Entries linking to Scottish
Old English Scottas (plural) "inhabitants of Ireland, Irishmen," from Late Latin Scotti (c. 400), a name of uncertain origin, perhaps from Celtic (but answering to no known tribal name; Irish Scots appears to be a Latin borrowing). The name followed the Irish tribe which invaded Scotland 6c. C.E. after the Romans withdrew from Britain, and after the time of Alfred the Great the Old English word described only the Irish who had settled in the northwest of Britain.
adjectival word-forming element, Old English -isc "of the nativity or country of," in later use "of the nature or character of," from Proto-Germanic suffix *-iska- (cognates: Old Saxon -isk, Old Frisian -sk, Old Norse -iskr, Swedish and Danish -sk, Dutch -sch, Old High German -isc, German -isch, Gothic -isks), cognate with Greek diminutive suffix -iskos. In its oldest forms with altered stem vowel (French, Welsh). The Germanic suffix was borrowed into Italian and Spanish (-esco) and French (-esque). Colloquially attached to hours to denote approximation, 1916.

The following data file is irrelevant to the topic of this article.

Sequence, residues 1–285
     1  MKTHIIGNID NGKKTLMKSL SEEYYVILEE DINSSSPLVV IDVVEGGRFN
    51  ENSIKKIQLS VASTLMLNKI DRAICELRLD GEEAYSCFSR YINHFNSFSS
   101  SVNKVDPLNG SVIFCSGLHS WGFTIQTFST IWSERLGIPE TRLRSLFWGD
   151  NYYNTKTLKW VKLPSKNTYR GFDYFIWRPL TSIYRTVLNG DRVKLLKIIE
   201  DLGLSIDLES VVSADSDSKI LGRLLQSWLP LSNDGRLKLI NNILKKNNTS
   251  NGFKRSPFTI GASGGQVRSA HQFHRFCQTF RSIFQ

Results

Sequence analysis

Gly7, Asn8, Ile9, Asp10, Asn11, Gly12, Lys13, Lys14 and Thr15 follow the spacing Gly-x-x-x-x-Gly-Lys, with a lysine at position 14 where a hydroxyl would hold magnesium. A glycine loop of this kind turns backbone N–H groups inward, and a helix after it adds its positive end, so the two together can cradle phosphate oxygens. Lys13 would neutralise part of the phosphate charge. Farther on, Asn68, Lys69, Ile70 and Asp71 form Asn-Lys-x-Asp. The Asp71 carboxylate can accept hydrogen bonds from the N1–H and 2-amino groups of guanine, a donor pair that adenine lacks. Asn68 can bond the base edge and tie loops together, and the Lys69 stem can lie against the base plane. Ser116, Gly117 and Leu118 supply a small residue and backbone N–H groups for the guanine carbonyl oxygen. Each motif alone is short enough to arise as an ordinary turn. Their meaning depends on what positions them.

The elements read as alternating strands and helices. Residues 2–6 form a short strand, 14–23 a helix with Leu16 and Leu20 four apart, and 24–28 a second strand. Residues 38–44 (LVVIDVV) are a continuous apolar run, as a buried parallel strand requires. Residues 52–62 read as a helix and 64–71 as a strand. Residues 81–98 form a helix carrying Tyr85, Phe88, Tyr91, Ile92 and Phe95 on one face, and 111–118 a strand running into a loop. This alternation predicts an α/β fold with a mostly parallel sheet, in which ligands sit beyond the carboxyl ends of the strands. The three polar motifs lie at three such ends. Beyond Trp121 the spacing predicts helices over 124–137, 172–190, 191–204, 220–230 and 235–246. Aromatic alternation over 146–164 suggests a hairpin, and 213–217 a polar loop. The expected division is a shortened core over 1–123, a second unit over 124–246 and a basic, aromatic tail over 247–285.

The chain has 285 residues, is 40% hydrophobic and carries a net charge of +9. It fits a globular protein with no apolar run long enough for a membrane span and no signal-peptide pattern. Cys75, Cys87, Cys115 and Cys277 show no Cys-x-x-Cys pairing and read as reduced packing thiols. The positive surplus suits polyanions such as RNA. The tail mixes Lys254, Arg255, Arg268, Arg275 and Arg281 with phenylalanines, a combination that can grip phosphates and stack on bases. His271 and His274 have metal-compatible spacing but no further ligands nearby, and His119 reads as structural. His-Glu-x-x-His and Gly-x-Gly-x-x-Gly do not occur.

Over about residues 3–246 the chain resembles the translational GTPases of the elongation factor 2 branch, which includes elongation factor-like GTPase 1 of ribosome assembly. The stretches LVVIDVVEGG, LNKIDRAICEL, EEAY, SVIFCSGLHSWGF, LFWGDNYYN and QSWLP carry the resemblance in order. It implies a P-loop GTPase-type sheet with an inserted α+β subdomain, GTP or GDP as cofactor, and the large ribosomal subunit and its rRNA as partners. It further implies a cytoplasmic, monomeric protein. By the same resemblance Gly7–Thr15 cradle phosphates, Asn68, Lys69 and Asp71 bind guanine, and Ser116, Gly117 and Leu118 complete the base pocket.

The -ish in verbs (abolish, establish, finish, punish, etc.) is a mere terminal relic from the Old French present participle.
updated on February 10, 2022